Sigma Alpha Epsilon-"There's a
Hill Beyond a Hill," Sigma Chi-
"Clancy Lowered the Boom," Sig-
ma Phi-"The Drinking Song"
and Sigma Phi Epsilon-"The Cre-
The tradition which has de-
veloped into the IFC Sing had
its beginning in 1935, when the
IFC, ROTC band and Varsity
Glee Club collaborated in pre-
senting an "all-campus sing"
with no prizes awarded. The fol-
lowing year, the practice of hold-
ing musical competition was
started, with Theta Delta Chi
winning the first trophy.
The following prewar years
found Acacia, Beta Theta Pi, Alpha
Sigma Phi, Theta Xi and Kappa
Sigma successively bringing home
the proverbial bacon.
A FIVE-YEAR moratorium was
declared during the war years, but
the Sing re-emerged in 1946 with
new vigor. Sigma Phi Epsilon took
the first post-war loving cup, with
Phi Delta Theta, Sigma Alpha Ep-
silon and Lambda Chi Alpha war-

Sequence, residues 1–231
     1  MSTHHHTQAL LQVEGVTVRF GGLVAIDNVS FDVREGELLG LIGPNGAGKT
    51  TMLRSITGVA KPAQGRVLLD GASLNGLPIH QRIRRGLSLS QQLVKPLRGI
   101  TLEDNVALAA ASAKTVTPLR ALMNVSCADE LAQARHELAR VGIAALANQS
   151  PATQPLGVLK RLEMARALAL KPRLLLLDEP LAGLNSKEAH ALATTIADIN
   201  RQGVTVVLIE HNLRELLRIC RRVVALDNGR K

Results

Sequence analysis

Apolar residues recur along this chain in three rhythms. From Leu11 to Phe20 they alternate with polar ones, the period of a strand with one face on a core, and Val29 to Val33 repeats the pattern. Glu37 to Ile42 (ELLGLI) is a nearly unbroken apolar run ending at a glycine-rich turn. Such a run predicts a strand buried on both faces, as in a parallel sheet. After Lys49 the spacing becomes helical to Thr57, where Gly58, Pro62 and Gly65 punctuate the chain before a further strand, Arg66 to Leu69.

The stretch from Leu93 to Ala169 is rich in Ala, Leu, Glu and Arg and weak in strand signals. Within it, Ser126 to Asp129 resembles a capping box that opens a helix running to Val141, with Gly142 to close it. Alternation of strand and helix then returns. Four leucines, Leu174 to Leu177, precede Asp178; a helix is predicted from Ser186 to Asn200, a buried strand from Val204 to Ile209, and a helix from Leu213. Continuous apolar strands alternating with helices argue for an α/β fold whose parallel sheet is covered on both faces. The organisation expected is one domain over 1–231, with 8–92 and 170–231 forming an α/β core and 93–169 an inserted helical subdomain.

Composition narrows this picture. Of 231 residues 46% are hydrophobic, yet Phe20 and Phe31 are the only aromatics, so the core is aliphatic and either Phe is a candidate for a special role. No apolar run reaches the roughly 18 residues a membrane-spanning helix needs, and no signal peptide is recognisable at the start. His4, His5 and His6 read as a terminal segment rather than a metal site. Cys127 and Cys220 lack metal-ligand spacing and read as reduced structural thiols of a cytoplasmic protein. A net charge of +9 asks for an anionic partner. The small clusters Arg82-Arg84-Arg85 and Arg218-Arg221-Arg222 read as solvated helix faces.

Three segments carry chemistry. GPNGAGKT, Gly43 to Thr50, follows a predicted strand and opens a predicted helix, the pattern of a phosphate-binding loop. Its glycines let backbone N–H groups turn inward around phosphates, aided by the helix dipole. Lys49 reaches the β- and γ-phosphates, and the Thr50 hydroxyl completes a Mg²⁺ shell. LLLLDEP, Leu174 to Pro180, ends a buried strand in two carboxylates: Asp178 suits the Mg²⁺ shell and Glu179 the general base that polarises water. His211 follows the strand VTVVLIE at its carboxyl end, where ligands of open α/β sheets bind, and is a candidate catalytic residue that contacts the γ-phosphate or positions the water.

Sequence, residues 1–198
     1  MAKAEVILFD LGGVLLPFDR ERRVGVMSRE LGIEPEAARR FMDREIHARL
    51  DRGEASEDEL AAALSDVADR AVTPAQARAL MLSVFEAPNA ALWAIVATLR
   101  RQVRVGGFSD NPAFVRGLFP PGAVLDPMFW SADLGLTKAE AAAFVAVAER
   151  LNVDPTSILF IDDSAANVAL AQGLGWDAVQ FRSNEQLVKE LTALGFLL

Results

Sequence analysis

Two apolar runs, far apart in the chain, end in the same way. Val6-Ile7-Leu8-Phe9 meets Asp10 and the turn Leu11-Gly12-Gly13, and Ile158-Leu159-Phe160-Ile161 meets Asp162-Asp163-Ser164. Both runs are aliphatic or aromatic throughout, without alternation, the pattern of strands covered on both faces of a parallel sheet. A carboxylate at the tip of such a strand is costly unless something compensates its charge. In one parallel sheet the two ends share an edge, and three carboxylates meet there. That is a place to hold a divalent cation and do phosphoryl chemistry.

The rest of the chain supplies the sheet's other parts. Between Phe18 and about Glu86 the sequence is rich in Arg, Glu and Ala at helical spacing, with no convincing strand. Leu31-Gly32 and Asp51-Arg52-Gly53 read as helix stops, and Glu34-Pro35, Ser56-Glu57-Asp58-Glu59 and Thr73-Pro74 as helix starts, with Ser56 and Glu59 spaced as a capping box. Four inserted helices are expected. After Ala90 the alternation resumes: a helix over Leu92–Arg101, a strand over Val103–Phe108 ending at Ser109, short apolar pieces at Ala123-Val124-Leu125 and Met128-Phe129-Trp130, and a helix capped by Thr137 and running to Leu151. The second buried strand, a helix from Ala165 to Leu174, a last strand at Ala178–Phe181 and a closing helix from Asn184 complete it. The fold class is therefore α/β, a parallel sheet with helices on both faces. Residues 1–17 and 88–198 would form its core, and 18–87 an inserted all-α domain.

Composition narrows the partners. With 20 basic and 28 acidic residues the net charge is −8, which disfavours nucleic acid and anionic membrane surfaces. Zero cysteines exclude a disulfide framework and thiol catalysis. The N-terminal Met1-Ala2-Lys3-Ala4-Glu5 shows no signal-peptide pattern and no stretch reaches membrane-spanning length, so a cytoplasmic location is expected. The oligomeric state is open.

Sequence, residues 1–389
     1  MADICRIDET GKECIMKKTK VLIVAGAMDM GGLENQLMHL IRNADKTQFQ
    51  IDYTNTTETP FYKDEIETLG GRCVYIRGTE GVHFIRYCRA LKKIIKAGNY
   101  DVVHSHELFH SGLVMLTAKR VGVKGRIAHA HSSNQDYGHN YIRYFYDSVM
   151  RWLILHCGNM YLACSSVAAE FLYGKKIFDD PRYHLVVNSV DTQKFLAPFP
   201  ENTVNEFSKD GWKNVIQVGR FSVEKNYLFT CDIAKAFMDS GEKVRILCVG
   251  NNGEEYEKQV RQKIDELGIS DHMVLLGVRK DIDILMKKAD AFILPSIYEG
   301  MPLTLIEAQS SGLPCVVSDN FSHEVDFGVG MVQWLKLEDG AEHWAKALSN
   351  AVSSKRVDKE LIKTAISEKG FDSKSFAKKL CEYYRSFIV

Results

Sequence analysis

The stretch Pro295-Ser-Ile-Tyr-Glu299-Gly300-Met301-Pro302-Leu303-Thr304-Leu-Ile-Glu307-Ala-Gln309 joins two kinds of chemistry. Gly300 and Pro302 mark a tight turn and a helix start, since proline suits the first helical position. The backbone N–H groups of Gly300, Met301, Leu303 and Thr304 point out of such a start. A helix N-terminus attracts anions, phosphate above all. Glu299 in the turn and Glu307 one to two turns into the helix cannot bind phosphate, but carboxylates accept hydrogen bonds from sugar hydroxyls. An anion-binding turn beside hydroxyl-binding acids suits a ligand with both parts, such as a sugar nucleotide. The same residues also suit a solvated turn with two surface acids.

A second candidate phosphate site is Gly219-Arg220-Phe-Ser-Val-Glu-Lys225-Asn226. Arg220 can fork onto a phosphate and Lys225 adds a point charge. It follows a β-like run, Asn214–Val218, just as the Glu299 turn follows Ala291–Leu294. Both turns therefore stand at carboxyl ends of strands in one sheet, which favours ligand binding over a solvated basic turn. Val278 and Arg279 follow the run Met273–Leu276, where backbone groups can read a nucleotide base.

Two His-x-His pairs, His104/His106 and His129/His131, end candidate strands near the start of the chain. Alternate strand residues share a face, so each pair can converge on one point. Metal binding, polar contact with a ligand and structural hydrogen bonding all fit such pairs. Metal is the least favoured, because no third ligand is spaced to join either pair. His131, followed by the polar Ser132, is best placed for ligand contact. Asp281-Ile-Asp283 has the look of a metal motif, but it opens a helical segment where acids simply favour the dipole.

bling home the next three years.
Last year, Sigma Phi Epsilon be-
came the first house to win a sec-
ond time, winging in first with

aeniLS wU ut┬▒oesKnown anau appre- anti-tank guns and automatic
elate in adi

ulatu 11 111UI . {


Bias Debate Opens Fraternity Week

* * * *

Fraternity Week was "kicked
off" last night %vith a moderate
bang as a six-man panel discussed
bias clauses before a disappointing
crowd of about 100 in Rackham
The debate proceeded largely on
an academic plane, with little
emotionalization of the inflamma-
tory issues involved. All represen-
tatives seemed to agree that bias
clauses should go-the main bone
of contention was the means to be
employed in this end.
* * *
fending the Interfraternity Coun-
cil viewpoint, declared that, in the
eyes of fraternity men, the pres-
ent pressures for removal of the
clauses come from "dogmatic cam-
pus politicians."

"Discriminatory attitudes of fra-
ternity men permeate the cam-
pus," he said.,
"Discrimination is now consid-
ered a small crime-like petty lar-
ceny. Fraternities must keep in
step with society or else wither
away and die," he asserted.
* * *